What does warm taste like? Your more pedantic types might object right here; temperature doesn't have a taste. Or does it? Because this butternut squash cavatappi tastes warm. It also tastes sweet, thanks to the butternut squash. It tastes savory, thanks to the herbaceous sage and pungent garlic. Not to mention the buttery, nutty elements tossed in, namely walnuts, Parmesan, and butter. Add some pasta and bread to the mix and you have the dictionary definition of “warm.”
Place butternut squash on prepared baking sheet and toss with 2 tsp. olive oil, ¼ tsp. salt, and a pinch of pepper to coat completely.
Spread into a single layer and roast in hot oven 25 minutes.
Remove from oven. Squash will finish cooking in a later step.
While squash roasts, add pasta to boiling water. Cook until al dente, 10-12 minutes.
Reserve 1 cup pasta cooking water. Drain pasta in a colander.
Reserve pot; no need to wipe clean.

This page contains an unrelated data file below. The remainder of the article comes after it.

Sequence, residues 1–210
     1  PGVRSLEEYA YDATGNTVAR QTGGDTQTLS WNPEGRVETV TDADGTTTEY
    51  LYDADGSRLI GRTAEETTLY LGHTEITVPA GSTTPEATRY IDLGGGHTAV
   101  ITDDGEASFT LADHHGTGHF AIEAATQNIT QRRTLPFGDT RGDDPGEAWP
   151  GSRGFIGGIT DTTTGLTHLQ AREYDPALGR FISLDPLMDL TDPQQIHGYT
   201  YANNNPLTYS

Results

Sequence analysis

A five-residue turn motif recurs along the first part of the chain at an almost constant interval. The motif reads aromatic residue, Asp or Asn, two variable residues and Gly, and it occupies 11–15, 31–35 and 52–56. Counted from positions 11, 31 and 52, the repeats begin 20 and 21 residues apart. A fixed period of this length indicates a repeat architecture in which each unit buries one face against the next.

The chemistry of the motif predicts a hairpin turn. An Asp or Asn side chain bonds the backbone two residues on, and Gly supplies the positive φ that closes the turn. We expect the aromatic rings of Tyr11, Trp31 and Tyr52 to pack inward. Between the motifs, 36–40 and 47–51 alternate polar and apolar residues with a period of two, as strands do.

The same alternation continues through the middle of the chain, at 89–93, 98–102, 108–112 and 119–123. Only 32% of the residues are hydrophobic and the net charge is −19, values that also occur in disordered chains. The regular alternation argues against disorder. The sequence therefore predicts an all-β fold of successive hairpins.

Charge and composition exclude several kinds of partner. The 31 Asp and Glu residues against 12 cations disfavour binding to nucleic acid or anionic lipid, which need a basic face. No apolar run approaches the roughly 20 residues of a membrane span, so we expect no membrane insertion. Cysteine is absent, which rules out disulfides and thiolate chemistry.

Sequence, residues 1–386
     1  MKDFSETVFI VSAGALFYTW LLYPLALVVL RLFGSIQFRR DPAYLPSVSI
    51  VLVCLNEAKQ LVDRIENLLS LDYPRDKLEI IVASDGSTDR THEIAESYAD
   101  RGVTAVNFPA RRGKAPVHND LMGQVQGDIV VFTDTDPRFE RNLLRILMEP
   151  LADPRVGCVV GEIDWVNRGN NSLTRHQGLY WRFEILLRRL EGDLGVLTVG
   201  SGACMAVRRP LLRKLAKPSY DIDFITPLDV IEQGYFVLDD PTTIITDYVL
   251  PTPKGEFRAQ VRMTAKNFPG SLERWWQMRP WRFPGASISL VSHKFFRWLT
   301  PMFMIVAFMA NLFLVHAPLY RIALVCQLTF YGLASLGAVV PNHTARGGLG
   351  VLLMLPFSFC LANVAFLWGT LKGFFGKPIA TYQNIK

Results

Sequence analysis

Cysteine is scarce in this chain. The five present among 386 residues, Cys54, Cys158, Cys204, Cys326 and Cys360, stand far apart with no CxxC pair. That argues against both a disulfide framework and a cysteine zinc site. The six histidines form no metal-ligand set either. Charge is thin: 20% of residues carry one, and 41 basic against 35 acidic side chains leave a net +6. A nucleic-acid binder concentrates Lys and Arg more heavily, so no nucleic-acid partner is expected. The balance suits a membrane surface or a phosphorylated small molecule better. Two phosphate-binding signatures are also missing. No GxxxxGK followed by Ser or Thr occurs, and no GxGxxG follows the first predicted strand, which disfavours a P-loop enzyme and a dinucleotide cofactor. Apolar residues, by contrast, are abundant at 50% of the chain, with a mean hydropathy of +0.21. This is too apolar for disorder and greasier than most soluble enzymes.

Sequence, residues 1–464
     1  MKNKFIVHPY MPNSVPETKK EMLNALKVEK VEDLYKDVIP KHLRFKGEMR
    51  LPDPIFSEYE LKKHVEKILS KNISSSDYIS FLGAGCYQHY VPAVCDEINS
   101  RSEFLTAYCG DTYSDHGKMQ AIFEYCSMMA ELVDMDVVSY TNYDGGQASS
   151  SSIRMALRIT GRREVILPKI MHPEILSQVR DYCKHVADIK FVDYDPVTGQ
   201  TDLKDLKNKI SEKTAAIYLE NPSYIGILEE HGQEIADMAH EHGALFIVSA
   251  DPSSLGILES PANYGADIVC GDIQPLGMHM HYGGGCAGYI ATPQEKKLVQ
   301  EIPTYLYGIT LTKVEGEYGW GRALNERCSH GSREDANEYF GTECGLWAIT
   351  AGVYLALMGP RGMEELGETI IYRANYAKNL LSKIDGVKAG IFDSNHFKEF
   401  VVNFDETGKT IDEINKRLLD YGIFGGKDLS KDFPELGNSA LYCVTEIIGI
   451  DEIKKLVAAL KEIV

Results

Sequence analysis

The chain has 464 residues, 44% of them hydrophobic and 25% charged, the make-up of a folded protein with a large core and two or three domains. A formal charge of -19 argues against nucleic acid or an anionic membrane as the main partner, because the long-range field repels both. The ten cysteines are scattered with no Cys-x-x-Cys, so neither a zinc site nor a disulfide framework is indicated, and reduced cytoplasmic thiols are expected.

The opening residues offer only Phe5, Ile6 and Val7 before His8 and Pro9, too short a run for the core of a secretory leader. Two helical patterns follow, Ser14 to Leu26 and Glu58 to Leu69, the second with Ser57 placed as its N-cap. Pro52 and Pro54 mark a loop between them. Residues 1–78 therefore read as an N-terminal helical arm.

While pasta cooks, prepare ingredients.
Prepare the Ingredients
Stem sage and mince.
Finish Squash and Make Garlic Bread
Carefully stir butternut squash on baking sheet and move to one half. Place ciabatta halves on empty half of baking sheet, cut side up, and drizzle with 1 Tbsp. olive oil and add half the garlic (reserve remaining for sauce).
Roast until squash is tender and ciabatta is lightly browned, 8-10 minutes.
While bread and butternut roast, make sauce.
Make the Sauce
Return pot used to cook pasta to medium heat. Add butter and let melt. Add walnuts and stir constantly until butter begins to brown and smell nutty, 1-3 minutes.
Stir in sage and remaining garlic and cook until aromatic, 30-60 seconds.
Stir in pasta, ½ cup pasta cooking water, ½ tsp. salt, and ¼ tsp. pepper. Bring to a boil, stirring constantly.
Remove from burner and stir in cooked squash and Parmesan until combined. If pasta is too thick, add remaining pasta cooking water 2 Tbsp. at a time until desired consistency is reached.
Finish the Dish
Plate dish as pictured on front of card. Bon appétit!